Physical and Occupational therapy, PT and OT respectively, are crucial aspects of healthcare for seniors, especially those recovering from surgery, injury, or managing chronic conditions. Traditionally, outpatient physical and occupational therapy is provided in clinical settings, but there is a growing trend towards providing these outpatient services in the comfort of the patient’s home. In-home services, though, are not just for individuals who have difficulty leaving the home. Many of our in-home patients have varying functional levels, ranging from difficulty with walking in their home, to being completely independent, but choosing in-home for convenience reasons. One patient that we treated this year hadn’t stepped out of his house in 8 months because he was having difficulty with stairs and had no handrail to help him out the front door. While another individual who received services from us this year felt that her lifestyle was very busy and opted to receive services at home, in order to save time. Both patients made tremendous progress using various rehabilitative approaches, focused on their individual goals. Continue reading

“I’m All Shook Up” The Vestibular System, Vertigo and the Role of Physical Therapy

Imbalance due to vertigo or dizziness is a diagnosis that we frequently treat in the clinic. Common complaints include “I get dizzy when I roll over in bed”, or “I get dizzy when I pick up something from the floor”. Sometimes these instances of vertigo or dizziness result in falls. Maintaining balance is the result of a complex integration of various sensory systems within the body, and the vestibular system plays a crucial role in this. The vestibular system, situated within the inner ear, is responsible for providing our brain with information about spatial orientation, equilibrium, and motion. When this system is compromised, individuals may experience dizziness, vertigo, and an increased risk of falls. Physical therapy offers a multifaceted approach, to help restore balance and conquer vestibular challenges. Continue reading

Winter is Here – A Guide to Safe Lifting and Bending When Shoveling Snow

Every winter a patient comes into the clinic after injuring their back from shoveling snow.  Body mechanics plays a crucial role in preventing injuries and promoting overall well-being, especially when it comes to activities like lifting and bending.  Whether you’re an athlete, a fitness enthusiast, or someone simply going about daily tasks, understanding and practicing proper body mechanics can significantly reduce the risk of strains, sprains, and other musculoskeletal issues.  Physical therapy educates individuals in mastering body mechanics essential for rehabilitation and long-term health. Continue reading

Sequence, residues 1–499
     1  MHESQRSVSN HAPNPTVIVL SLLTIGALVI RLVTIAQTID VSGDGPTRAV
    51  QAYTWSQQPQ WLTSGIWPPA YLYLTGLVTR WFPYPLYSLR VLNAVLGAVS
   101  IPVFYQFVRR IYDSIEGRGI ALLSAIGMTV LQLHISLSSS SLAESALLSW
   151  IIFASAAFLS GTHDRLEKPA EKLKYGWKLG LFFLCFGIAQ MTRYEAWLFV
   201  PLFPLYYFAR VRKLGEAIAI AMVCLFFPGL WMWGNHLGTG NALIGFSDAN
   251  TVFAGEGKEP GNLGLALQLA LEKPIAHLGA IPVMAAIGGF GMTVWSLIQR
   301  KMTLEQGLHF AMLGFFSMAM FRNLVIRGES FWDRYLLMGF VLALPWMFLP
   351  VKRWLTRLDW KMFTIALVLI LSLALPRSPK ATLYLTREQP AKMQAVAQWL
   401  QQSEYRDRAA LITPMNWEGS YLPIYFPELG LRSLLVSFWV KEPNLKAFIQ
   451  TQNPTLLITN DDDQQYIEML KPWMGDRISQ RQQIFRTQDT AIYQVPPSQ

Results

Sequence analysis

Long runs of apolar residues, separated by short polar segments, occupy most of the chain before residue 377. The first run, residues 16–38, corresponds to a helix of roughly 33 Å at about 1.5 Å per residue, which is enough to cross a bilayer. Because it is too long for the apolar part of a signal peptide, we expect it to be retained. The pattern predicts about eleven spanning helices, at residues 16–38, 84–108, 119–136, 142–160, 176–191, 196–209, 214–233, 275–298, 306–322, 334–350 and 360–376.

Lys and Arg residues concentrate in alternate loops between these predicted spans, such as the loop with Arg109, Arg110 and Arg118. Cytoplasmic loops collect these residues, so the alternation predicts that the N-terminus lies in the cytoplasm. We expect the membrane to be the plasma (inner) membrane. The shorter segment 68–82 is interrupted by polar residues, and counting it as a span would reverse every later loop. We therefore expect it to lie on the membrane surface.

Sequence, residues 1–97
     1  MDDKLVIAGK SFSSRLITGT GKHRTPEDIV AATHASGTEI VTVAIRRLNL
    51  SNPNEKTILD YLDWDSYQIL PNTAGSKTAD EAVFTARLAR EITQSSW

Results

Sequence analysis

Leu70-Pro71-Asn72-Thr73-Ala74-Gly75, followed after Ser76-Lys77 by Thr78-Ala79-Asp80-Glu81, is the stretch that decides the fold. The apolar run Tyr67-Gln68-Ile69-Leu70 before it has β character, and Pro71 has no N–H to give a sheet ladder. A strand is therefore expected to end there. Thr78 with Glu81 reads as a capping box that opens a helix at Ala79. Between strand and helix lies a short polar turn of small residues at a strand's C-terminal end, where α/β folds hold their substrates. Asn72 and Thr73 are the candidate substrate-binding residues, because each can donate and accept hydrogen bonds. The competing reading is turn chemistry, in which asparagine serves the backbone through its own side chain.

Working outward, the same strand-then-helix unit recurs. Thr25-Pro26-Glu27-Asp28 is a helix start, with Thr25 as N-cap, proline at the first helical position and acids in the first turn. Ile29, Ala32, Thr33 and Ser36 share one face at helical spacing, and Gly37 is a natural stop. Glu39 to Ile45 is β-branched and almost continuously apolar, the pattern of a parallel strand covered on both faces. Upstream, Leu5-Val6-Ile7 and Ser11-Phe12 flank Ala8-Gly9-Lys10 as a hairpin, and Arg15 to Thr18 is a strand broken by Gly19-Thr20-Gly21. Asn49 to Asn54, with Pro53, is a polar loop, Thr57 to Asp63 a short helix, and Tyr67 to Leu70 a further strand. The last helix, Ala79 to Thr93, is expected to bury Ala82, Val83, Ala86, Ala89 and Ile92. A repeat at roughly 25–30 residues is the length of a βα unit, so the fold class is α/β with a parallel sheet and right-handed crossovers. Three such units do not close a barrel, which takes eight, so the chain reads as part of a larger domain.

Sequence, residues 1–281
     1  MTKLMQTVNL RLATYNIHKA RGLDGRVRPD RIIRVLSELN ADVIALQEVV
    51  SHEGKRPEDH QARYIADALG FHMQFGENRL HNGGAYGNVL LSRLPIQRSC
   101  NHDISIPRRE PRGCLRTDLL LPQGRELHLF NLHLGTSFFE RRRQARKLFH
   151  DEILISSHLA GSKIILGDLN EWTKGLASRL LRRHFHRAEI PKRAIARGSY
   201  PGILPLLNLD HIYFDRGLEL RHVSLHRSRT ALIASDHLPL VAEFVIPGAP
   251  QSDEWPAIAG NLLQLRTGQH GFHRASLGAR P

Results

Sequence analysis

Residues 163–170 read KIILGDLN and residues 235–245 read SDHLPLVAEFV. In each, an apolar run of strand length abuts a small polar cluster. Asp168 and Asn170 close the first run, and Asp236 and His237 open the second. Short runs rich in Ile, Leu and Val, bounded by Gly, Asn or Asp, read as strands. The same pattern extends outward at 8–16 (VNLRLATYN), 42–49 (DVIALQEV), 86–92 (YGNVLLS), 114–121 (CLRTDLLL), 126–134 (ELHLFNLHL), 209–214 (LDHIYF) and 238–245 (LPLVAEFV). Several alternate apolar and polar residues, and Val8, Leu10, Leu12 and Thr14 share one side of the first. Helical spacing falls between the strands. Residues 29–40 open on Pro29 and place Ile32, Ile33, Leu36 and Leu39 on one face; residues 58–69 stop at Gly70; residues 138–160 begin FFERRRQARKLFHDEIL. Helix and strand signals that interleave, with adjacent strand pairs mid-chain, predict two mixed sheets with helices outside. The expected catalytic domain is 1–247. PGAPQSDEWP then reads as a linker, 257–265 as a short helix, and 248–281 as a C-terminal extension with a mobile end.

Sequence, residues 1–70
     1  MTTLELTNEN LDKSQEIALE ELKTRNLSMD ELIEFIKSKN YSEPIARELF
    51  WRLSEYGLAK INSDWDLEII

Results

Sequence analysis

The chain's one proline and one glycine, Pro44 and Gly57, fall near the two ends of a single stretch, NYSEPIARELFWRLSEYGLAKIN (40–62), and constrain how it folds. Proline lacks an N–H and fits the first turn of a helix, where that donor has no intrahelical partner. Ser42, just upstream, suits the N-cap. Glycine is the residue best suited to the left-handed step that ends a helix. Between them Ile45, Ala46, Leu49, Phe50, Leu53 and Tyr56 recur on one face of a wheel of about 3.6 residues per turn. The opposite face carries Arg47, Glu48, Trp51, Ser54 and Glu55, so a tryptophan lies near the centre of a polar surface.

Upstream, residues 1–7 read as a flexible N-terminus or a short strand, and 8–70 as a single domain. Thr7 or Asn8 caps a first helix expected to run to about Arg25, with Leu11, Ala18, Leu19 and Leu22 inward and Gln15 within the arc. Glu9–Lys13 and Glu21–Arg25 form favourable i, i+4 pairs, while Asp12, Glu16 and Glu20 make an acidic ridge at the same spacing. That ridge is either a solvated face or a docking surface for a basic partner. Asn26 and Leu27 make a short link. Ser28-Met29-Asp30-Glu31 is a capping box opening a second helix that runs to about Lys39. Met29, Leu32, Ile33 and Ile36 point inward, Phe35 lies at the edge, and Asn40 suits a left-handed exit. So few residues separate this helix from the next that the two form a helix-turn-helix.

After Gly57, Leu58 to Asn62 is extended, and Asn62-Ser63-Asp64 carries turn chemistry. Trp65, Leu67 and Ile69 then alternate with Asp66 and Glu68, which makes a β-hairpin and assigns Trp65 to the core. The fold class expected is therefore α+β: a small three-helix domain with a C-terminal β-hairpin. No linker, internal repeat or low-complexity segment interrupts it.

‘To Be or Knot to Be’: The Real Question Is What Is a Knot?

Have you ever felt tightness in your body after sitting at the computer for hours, holding a cell phone between your ear and shoulder, or after a long drive in the car?  Knots are usually a type of spasm that causes a small portion of a muscle to tense up and can often be painful.  Muscle knots, also called trigger points or myofascial pain, typically occur in calf muscles, lower and mid back, neck, shins and shoulders but can develop anywhere in the body where muscle or fascia are present. Fascia is strong, stretchy connective tissue that covers, separates and/or holds together different organs, muscles, blood vessels, and nerves. Continue reading

Rise and Shine It’s Time To Stretch, How To Help Morning Joint Stiffness

I get asked the question almost daily “ Why does my neck,        back and legs feel stiff when I wake up in the morning?”.  Simply put, while a person sleeps there is decreased activity and less synovial fluid that adds lubrication in the joints, causing them to dry out and feel stiff and sore.  Arthritis in the back, hips, knees, ankles and feet can also lead to stiff and painful movements upon waking. Continue reading

Who’s On First? What’s On Second? Sports Injuries Happen At All Ages

The most common sports injuries are sprains and strains, ankle and knee injuries, swollen muscles, achilles tendon injuries, pain along the shin, rotator cuff injuries, fractures, and dislocations. Most athletic injuries can be placed in three main categories which are acute, overuse, and chronic injuries. An individual should remember to rest, ice, compression, and elevation (RICE) as soon as injury occurs. Continue reading